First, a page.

Beijing raises inflation forecast to 4.8pc
Jasmine Wang and Jonathan Yang
Snowstorms and surge in raw material prices prompt government to revise CPI target
The central government has revised upwards its full-year inflation target for this year to 4.8 per cent from 4.6 per cent, as higher than expected raw material prices and the impact of the recent blizzards add to pressures, according to a newspaper report.
The inflation target, to be announced at the National People's Congress that opens next week, reflected the government's objective in limiting inflation at last year's level, the 21st Century Herald said.
The original target was set at the actual inflation figure for the first 11 months of last year. Given that the consumer price index climbed to 4.8 per cent during the worst snowstorms in 50 years, disrupting food supplies and transport systems, the government was forced to adjust the target upwards.
Last year's official inflation target was only 3 per cent.
With the CPI surging to an 11-year high of 7.1 per cent last month, tackling inflation is the top priority for the state.
'The snowstorms have made controlling inflation even harder than before, but we will work hard to achieve the target,' Zhou Wangjun, a deputy director of the National Development and Reform Commission's pricing department, told CCTV this week.
While driven mainly by food prices, consumer price inflation also was fed by higher energy and labour costs.
Economists are forecasting the worse to come before an improvement in the second half.
Yan Jiayuan, an executive director of research at Bocom International, said he expected inflation to hit 7.5 per cent this month. The rate would then begin to decline from the end of next month, when the government's austerity measures took effect and food supplies returned to normal levels, he said.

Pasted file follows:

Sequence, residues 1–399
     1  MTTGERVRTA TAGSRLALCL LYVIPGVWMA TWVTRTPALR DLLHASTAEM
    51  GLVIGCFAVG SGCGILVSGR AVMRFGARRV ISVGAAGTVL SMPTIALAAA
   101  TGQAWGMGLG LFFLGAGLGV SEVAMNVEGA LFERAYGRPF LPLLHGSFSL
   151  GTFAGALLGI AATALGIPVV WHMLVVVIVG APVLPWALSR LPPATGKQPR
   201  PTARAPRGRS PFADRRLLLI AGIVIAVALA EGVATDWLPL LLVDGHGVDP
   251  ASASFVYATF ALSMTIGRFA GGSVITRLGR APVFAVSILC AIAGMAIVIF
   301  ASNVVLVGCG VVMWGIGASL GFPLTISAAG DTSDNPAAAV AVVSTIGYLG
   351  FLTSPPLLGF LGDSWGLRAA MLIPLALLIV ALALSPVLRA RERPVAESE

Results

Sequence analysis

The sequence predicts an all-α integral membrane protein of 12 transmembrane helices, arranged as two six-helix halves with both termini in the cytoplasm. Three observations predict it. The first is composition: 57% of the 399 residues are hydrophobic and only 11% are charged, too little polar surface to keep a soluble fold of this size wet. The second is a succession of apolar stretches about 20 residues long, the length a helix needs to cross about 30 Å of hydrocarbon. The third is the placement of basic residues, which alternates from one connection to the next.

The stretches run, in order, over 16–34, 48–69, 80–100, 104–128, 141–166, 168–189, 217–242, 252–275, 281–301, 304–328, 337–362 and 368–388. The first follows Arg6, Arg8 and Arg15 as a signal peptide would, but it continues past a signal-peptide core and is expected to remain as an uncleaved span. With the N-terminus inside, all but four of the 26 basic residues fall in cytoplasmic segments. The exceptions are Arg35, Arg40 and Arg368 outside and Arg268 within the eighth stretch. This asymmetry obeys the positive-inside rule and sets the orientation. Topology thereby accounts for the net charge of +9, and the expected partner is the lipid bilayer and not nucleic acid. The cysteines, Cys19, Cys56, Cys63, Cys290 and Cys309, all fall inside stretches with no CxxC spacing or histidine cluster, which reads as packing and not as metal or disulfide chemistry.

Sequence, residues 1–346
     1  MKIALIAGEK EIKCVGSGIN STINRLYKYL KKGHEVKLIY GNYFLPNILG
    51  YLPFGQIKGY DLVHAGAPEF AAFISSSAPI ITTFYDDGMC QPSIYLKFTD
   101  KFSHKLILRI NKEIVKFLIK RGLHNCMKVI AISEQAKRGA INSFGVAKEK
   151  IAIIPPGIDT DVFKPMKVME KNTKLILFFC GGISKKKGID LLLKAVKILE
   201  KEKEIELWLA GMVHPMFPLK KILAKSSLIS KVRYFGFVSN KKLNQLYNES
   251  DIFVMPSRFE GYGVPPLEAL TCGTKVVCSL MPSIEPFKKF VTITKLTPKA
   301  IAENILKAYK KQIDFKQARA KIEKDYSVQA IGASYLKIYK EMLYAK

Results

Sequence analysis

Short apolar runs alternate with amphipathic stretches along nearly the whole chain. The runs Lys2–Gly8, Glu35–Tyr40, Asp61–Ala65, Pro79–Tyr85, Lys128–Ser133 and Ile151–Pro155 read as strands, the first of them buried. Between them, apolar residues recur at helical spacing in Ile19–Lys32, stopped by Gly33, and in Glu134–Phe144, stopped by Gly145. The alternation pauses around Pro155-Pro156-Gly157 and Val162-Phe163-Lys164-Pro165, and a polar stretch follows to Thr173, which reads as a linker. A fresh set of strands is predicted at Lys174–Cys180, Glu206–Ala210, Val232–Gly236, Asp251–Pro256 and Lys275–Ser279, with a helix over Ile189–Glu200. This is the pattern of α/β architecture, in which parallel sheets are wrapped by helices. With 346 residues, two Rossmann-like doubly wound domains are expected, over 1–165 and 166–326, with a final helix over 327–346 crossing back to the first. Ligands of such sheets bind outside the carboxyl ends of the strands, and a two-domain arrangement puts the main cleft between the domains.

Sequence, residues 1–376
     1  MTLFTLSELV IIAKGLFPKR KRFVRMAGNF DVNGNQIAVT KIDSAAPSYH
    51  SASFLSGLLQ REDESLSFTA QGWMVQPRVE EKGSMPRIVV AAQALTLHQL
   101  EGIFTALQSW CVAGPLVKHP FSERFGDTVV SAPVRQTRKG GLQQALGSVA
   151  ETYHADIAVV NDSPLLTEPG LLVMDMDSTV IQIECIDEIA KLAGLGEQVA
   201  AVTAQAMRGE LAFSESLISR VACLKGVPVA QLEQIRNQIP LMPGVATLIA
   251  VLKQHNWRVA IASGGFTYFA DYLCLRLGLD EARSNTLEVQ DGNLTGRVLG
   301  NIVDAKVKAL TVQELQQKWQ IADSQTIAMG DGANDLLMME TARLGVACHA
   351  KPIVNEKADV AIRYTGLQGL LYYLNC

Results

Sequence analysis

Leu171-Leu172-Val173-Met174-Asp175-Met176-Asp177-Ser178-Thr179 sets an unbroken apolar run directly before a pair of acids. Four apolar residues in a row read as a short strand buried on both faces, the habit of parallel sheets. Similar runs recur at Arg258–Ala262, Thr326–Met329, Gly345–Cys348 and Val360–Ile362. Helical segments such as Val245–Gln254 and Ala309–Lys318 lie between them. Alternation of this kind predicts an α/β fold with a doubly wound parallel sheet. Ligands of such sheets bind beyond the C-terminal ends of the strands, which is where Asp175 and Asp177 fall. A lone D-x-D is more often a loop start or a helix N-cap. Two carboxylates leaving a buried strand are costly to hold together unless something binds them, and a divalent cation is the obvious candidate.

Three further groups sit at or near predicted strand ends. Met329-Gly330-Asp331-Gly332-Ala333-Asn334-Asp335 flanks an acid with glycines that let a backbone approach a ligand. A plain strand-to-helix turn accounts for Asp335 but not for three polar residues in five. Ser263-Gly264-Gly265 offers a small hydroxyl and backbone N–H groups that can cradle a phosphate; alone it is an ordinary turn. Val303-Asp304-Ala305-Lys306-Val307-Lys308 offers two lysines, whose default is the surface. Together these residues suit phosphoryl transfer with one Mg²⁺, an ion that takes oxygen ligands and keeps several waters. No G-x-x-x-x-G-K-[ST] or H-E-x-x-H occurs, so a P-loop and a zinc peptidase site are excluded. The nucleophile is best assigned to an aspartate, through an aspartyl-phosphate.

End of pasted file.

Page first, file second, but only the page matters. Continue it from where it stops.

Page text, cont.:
'We hope China's CPI will revert to between 5 per cent and 5.5 per cent in the second half,' Mr Yan said. He declined to provide a full-year forecast, saying it was still 'too early'.
'The government will also use other administrative measures, such as price guidance and subsidies and adjusting export and import regulations, to control price levels,' he said.
Jing Ulrich, the chairman of China equities at JP Morgan, said this year 'could shape up as a year of two halves, with further tightening to combat high inflation and overheating pressures in the near term but policies beginning to ease towards mid-year if inflation moderates and pressure from an external slowdown is felt more.'
Wang Qing, an executive director of Morgan Stanley, said the yuan's appreciation could be used as a 'major measure' to curb inflation.
'It can also help stimulate domestic demand while offsetting the negative impact brought about by the slowdown of the export sector.'
Mr Wang said he hoped to see domestic demand rise from last year's 14.4 per cent to 15 per cent this year. But, in the meantime, he conceded that a large one-off appreciation of the currency was unlikely. 'We expect the yuan to gradually appreciate to 6.80 yuan to the US dollar by the end of the year,' he said.